Nanotechnology funding could push frontiers of technology


Imagine a memory storage device or an electronic circuit only a few thousand atoms in width and made up of molecule-sized components.

These devices may very well be the future of nanotechnology, an area of applied science and engineering devoted to the atom-by-atom design of structures typically less than a hundred nanometres in size.

To put this into perspective, a nanometre is a mere billionth of a metre.

A partnership that will provide $4.5 million over three years towards research and development of materials-based nanotechnology was announced recently.

The National Institute of Nanotechnology (NINT) along with the Mississauga-based Xerox Research Centre of Canada (XRCC) and the Government of Alberta will invest funds and human resources to create a program and teams to lead the work.

NINT – a multidisciplinary institution with researchers in science, engineering, pharmacy, medicine, business and law – is operated by the National Research Council and the University of Alberta, and jointly funded by the Government of Canada, the Government of Alberta and the university.

The XRCC is a materials research centre that develops environmentally sound materials and processes to support higher-quality and lower-cost Xerox products.

The relationship between the national research institute and a product vendor is one of altruism, says Nils Peterson, director general at the Edmonton-based NINT. “It’s a good partnership where we can learn from them about the commercialization of nanotechnology, and in turn, we can help them develop new product lines.”

Six to 10 scientists will be hired to work on materials-based nanotechnology, including document and display-related technologies.

Nanotechnology will have applications in just about everything, says Peterson. “Our understanding of materials and matter at a molecular scale will help us transform a lot of different types of industries.”

Paterson foresees the use of nano-scale science in such areas as agriculture, life science, energy, and food production.

Materials-based research essentially means using nanotechnology to create materials with enhanced properties, such as superior durability at a lower cost and more ease of use.

These structures – or materials – can be built under controlled conditions using building blocks, such as atoms, molecules, nanometre-sized particles, layers and wires, says Hadi Mahabadi, vice-president and director of the XRCC.

“Nanotechnology could play a major role by significantly improving materials,” he says.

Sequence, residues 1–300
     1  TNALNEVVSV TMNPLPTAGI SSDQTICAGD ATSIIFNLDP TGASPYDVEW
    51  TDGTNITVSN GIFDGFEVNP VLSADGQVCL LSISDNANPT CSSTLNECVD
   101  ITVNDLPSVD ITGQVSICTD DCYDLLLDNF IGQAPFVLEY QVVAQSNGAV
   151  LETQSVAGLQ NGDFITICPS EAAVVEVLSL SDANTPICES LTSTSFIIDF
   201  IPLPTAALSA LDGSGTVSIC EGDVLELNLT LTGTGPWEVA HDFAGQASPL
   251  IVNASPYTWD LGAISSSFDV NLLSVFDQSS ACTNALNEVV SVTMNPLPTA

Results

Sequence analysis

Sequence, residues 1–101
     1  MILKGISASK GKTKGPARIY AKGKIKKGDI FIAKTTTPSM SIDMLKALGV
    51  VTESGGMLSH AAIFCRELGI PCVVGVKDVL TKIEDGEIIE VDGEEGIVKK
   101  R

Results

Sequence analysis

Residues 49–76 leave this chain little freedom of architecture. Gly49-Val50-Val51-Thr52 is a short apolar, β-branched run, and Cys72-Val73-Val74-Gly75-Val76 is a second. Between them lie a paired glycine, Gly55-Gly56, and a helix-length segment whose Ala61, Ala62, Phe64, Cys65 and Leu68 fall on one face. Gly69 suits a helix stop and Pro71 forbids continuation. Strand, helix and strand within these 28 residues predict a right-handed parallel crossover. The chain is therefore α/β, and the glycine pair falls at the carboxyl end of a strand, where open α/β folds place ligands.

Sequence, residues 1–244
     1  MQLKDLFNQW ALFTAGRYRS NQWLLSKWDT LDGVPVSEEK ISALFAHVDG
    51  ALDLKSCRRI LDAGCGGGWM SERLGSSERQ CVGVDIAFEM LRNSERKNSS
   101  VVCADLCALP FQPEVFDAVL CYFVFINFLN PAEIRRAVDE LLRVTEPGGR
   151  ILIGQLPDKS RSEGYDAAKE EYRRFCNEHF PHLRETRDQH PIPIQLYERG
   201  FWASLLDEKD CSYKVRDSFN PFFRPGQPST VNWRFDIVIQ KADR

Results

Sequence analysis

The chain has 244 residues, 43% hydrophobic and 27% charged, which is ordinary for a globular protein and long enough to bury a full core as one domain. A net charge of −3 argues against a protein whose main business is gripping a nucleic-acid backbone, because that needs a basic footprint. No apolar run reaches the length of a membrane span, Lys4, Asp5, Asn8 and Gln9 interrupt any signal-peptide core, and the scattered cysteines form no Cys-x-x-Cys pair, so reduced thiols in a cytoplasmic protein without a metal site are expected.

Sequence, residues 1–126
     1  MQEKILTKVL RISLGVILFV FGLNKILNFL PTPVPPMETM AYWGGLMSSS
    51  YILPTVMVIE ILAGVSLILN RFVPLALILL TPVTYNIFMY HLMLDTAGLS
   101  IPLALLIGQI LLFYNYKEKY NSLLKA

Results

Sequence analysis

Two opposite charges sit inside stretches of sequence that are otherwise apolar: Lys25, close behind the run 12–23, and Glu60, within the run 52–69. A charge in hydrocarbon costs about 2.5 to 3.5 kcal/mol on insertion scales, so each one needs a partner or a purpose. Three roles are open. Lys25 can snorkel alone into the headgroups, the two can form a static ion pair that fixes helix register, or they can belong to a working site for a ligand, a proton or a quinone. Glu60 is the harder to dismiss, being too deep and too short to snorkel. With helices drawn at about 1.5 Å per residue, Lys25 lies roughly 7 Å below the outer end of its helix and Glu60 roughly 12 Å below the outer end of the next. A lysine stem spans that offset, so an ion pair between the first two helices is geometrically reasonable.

Xerox’s ‘EA (Emotion Aggregation) Toner’ is precisely an example of this, says Mahabadi, because the micron-sized toner particles have a controlled structure of uniform size and shape, which produce sharper image quality and more effective usage.

Introduced in 2001, the EA Toner is now used in more than 20 Xerox products.

Although the EA Toner stemmed from materials-based research, commercially-viable devices can be built from these materials, says Mahabadi.

For instance, Xerox has been developing “electronic paper” – a sheet of paper that functions like a laptop – on which a user can download information. “It’s a page that you can roll and put in your pocket but contains information equivalent to a book,” he says.

Mahabadi can’t provide a specific timeline as to when the product might hit the market – completion of the technology, manufacturing and adaptability are crucial factors in a market launch, he says.

The partnership with NINT, he says, will help accelerate the research that has begun into electronic paper.

Collaborations between companies, universities and government are important, says Gilbert Walker, professor at the University of Toronto’s chemistry department, and Canadian research chair in molecular microscopy and nanophotonic devices.

“A national or academic lab often comes up with patents that greatly stimulate the interests of the industry, who often transition that into commercial value.”

Nanotechnology is a highly competitive area internationally where Canada has a real opportunity to lead, says Walker. “The reason to support this research is to ensure that Canada will be the owner of this intellectual property.”

At last week’s announcement, Bob Fessenden, Alberta deputy minister, said that strategic partnerships play a vital role in innovation. “It provides a bridge to take scientific ideas through the full cycle of innovation, and to take people – leaders and learners alike – through the process together, from initial concept to commercialization.”

Peterson, too, thinks that the nanotechnology sky is limitless. “The commercial impact of nanotechnology will enable new technologies that will then drive new industries.”

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